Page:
BURL BURLINGAME / BBURLINGAME@STARBULLETIN.COM
The small building on the waterfront at Kewalo Basin which in recent years was used as a classroom for the Kewalo Keiki Fishing Conservancy might be demolished Monday.
Kewalo site nears leveling
A group seeks to preserve an old building and ice chute that are to be torn down
The razing of Kewalo Basin's waterfront property has left few reminders of Hawaii's maritime heritage, and the only historic structure left, a cleverly designed contraption that provided ice for the sampan-based fishing fleet, could face demolition on Monday.
A group of history enthusiasts and educators, however, are working to preserve the metal chute and adjacent building.
"We were given until Aug. 21 by the (Hawaii Community Development Authority) to dismantle and move the building at our own expense, but our engineer and architect says that would destroy it," said Michelle Matson of the newly formed Save Our Kewalo Basin. Moving the building would also take it away from its historic context, she said. "What's the point of that?"
The small building, used for dock operations, and the ice chute were a familiar rendezvous at the Kewalo Cove for Hawaii's sampan fishermen. Of the hundreds of high-prowed sampans that once worked Hawaii's waters with pole and line, only one remains, the Kula Kai, moored nearby and still used for fishing.
"It was a busy little cove, and fishing families have fond memories of the site," said Matson.
The building has been used in recent years as a classroom for the Kewalo Keiki Fishing Conservancy, an educational nonprofit that focuses on marine conservation.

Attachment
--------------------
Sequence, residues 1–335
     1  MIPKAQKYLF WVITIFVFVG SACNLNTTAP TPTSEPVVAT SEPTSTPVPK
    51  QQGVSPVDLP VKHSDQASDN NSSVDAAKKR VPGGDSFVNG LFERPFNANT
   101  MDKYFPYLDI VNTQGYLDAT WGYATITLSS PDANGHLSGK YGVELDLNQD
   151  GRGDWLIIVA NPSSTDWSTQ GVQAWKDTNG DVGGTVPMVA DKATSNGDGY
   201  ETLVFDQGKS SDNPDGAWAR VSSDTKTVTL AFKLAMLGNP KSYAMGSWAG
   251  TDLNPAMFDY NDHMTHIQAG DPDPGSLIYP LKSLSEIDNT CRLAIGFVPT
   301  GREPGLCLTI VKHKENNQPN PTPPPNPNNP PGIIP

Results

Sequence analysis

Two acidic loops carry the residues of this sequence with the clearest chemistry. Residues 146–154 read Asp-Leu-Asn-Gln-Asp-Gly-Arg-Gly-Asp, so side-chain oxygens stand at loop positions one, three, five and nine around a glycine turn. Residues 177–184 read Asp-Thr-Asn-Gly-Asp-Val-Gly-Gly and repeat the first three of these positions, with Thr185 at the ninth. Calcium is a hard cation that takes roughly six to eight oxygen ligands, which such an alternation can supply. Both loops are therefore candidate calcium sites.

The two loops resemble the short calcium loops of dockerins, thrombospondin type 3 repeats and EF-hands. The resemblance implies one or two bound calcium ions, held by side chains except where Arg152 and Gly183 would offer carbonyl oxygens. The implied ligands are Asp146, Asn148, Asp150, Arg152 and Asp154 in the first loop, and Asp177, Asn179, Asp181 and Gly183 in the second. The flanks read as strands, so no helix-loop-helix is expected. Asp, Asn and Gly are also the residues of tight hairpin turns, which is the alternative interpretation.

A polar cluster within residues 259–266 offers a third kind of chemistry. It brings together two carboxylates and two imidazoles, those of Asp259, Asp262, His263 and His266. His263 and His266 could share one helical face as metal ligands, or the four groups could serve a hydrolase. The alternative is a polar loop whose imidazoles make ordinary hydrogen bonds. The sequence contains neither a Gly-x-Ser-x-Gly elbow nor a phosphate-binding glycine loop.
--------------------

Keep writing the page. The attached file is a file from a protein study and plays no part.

"It's a culturally significant place for the fishing community, and what they call adaptive reuse of the building would sure help educate kids," said Scott Furushima of the conservancy.
Save Our Kewalo Basin has developed a plan for the site that calls for continuation of the conservancy classes, stabilization and restoration of the building and ice chute, and a small museum dedicated to preserving Hawaii's fishing heritage.
"We've managed to keep HCDA from leveling the site for five months now, but time is running out," said Matson. "Even though the state Historic Preservation Division has determined the structures are culturally significant, they defer to HCDA.
"The ironic thing is that the state has no plans for the site. They intend to level it and then gather input from the community on what to do with the area. They want a clean slate to wipe out the past."
State officials were not available yesterday to respond.
Save Our Kewalo Basin members plan to air their concerns at a news conference Monday.